If you read my previous post about the election of a new moderator of the PCUSA’s General Assembly, you know that his running mate had recently violated the the denomination’s Book of Order, yet was still running for the post of vice-moderator. (A more appropriate title is hard to imagine in this case.) On Sunday, she was elected, but as James Berkley reports for the Layman Online, it wasn’t easy:

Commissioners had serious questions for nominee Tara Spuhler McCabe, who had quietly performed a same-sex marriage ceremony recently in Washington, D.C. She did so knowing full well that she was violating the Book of Order, as clearly stated by the General Assembly Permanent Judicial Commission. Also, she did so after being named vice-moderator candidate by Neil Presa. The same-sex wedding caught Presa by surprise. Some commissioners had been voicing great reluctance to electing to high office in the General Assembly a person unwilling to be governed by the constitution of the church.

Hay ruled that the Standing Rules stipulate an immediate vote on the vice-moderator, so to pose questions, the assembly would need to suspend the rules, requiring a two-thirds vote. Commissioners voted by a 55 percent margin to suspend the rules, falling short of the required 67 percent for suspension of the rules. Thus commissioners were given no opportunity to ask McCabe about her act of defiance.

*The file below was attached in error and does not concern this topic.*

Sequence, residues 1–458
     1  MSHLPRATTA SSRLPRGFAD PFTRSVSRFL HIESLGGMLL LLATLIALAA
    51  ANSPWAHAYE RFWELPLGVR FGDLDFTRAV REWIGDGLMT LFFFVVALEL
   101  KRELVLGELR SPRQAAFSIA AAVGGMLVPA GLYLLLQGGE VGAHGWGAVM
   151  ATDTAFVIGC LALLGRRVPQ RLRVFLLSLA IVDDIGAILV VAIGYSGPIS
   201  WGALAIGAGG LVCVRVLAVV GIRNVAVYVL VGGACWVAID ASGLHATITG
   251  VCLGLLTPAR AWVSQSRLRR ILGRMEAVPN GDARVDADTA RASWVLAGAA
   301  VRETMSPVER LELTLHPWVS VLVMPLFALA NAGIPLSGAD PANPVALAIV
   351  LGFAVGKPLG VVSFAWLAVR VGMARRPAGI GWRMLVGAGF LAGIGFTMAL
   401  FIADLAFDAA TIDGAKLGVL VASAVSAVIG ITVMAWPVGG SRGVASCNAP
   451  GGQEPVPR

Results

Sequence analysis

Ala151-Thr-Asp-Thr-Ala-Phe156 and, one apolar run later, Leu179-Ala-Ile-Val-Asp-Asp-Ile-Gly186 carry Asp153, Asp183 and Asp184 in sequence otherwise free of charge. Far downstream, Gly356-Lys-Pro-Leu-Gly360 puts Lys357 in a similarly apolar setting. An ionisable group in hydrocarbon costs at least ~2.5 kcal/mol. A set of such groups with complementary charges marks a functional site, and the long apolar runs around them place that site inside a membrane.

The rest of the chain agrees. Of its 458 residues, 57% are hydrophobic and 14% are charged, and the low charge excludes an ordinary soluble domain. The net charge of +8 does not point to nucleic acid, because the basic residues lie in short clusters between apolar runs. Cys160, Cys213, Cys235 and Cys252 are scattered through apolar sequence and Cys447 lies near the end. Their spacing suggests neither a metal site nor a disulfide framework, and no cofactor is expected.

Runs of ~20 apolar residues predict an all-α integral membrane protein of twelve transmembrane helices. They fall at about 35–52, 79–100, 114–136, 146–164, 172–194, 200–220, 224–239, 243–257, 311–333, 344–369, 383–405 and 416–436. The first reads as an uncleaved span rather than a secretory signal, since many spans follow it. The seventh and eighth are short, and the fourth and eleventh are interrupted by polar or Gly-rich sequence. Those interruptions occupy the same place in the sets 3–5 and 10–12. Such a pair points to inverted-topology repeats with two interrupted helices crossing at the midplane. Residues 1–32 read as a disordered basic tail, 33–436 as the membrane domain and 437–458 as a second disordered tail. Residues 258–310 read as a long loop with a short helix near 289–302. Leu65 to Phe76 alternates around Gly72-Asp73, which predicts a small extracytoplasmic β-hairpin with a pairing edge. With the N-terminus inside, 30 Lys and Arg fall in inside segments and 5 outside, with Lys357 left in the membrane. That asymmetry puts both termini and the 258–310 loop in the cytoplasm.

Next commissioners voted on the confirmation itself, and McCabe received 60 percent of the votes. Thus, in a vote that is nearly always unanimous under normal circumstances, McCabe was elected without the support of two-fifths of the commissioners, hardly a mandate! A commissioner was overheard reasoning afterwards, “No pastor would accept a call with that much opposition.” McCabe, however, was duly commissioned—without ever having to respond in the affirmative to a question about actually obeying the constitution of the denomination she now serves.

As slim as the majority was for vice-moderator McCabe, it should be remembered that Moderator Neil Presca, was elected the evening before with an even slimmer 52 percent majority, and that slight margin after three previous inconclusive ballots. Ironically, Presa and McCabe ran with the theme of seeking unity, and yet their very election demonstrated a major divide in the church.

It was a slim margin of victory for McCabe, yes, but think about what that says about the denomination. It says that in the PCUSA, the Book of Order, the constitution of the church, the rules by which order is brought to a large organization, are of no consequence. You can ignore them at will, and still be rewarded with election ot high office.

Gee, sounds like the Episcopal Church….